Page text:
How To Choose The Right Winch Size

Written by Tim Esterdahl | 1 Comment »

With the wide variety of winches available on the market, it may seem difficult to choose a winch. The right type of winch can get an off-roader and his friends out of most situations. The wrong type of winch can be an expensive paperweight.

Choose The Right Winch Size

Looking for a winch? Here is a handy guide to help you pick the right size.

When choosing a winch, it is essential that buyers select a sufficiently powerful motor. Winches with too little power will not pull the vehicle. Winches with just enough power will be more prone to overheating, although they will pull the vehicle for short durations. Winch buyers need not compare torque figures, as winch capacity is already rated in pounds.

How little is too little? A good rule of thumb when examining winch capacities is to get a winch with a capacity of at least 150 percent of your gross vehicle weight rating. For example, a winch for a pickup truck with a gross vehicle weight rating of 8,000 pounds will require a winch with a capacity exceeding 12,000 pounds. Do not select a winch based off a vehicle’s curb weight!

What works for a stripped-down Jeep Wrangler will not work for a heavy-duty diesel pickup with four doors and a lift kit; the former would be well equipped with an 8,000 pound winch while the latter might bear an 18,000 pound winch. The Wrangler owner will not need something that potent. Bigger is better, but only to a point.

There are a few reasons to choose winches with higher capacities. Vehicles bogged down in the mud, in sand, or in any other environment can have great resistance to movement if the tires and axles are pushing up against the terrain. Pulling a vehicle out of a stuck situation may require overcoming those forces. Additionally, most off-roaders don’t go into the sand or the mud with empty vehicles. Passengers, ice chests, equipment, and other material can drive the weight of a vehicle well above its unloaded curb weight.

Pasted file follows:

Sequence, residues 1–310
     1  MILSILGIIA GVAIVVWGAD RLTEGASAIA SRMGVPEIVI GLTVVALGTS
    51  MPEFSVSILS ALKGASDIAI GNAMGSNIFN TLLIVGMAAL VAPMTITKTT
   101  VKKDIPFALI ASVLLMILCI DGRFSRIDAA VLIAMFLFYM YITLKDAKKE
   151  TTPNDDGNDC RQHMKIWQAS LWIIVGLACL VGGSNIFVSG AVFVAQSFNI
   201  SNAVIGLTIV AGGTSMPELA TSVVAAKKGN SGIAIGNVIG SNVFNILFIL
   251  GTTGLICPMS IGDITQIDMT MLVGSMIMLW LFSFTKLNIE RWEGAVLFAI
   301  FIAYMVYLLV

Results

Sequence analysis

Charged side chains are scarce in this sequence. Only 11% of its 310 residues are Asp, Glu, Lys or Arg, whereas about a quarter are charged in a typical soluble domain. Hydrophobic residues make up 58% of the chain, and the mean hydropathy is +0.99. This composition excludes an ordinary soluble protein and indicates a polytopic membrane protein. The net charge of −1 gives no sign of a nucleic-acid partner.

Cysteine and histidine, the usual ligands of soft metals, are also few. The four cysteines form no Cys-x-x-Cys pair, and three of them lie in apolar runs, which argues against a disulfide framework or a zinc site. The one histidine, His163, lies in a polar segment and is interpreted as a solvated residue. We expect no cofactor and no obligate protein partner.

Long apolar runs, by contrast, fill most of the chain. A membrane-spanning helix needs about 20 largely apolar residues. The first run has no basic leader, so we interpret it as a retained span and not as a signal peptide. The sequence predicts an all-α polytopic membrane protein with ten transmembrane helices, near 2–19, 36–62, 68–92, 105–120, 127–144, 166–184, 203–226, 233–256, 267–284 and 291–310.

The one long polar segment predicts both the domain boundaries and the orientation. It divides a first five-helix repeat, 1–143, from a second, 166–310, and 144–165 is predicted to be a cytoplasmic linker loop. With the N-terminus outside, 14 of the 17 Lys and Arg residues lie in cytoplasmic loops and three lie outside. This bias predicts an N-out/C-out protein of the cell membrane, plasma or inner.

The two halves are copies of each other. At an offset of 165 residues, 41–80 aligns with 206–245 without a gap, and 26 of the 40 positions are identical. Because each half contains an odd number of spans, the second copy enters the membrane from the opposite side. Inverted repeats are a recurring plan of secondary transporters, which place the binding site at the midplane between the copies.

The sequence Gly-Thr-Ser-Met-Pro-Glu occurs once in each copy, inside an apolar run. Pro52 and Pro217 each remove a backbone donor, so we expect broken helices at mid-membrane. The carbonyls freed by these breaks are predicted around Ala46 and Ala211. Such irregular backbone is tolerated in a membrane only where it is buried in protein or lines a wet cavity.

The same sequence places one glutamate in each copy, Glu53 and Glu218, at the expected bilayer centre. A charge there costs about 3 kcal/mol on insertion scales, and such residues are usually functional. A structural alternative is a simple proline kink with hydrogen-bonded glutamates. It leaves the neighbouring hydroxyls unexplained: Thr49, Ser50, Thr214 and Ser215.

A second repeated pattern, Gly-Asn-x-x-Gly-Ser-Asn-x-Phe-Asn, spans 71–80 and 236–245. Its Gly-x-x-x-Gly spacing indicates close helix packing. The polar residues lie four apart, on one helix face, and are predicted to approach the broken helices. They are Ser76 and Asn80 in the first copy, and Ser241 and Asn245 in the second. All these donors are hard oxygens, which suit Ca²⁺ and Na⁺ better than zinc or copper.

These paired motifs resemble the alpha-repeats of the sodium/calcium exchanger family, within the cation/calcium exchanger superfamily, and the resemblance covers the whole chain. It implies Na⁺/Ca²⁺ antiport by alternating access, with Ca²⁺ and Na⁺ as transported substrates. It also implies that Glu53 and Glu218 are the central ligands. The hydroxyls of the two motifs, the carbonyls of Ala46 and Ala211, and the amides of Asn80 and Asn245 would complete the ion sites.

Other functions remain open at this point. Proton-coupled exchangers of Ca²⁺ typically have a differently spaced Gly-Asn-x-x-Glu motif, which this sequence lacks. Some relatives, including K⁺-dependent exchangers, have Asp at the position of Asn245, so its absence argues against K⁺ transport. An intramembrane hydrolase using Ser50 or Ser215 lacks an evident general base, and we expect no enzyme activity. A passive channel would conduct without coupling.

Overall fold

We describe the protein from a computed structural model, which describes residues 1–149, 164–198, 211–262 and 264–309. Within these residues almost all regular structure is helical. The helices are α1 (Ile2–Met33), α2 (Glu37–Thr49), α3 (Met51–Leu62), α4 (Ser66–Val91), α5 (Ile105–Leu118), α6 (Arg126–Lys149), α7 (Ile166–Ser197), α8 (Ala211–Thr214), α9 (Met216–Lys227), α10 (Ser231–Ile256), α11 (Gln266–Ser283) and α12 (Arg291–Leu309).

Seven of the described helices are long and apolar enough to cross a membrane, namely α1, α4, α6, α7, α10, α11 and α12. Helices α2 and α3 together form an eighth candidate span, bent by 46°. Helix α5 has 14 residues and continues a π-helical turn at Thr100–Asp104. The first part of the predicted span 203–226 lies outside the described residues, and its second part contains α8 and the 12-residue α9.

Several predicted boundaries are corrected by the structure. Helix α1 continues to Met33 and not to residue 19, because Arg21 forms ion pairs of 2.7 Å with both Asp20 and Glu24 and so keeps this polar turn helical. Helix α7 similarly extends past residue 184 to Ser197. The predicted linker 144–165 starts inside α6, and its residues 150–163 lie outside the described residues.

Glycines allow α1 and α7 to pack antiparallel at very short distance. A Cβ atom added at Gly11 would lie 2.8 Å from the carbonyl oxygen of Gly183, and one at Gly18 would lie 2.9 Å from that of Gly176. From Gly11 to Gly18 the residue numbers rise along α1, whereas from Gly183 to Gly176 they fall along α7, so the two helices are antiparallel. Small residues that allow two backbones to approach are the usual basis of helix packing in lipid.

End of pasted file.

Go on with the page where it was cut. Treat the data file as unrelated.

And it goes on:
Choosing a smaller winch has relatively few benefits. Although winches for trucks and sports-utility vehicles are not identical, they are similar in size and weight. Mounting a large winch will not be more difficult than mounting a smaller winch. The primary difference will be cost. The heaviest-duty winches can be expensive, but the financial difference between an 8,000 pound winch and a 12,000 pound winch is relatively minor. Individuals who have doubts about the capabilities of a lesser winch for their applications should select the more powerful one.

Always remember to use at least 150 percent of the gross vehicle weight rating when buying a winch, and you’ll have a solid piece of equipment that you can rely upon in the worst conditions.

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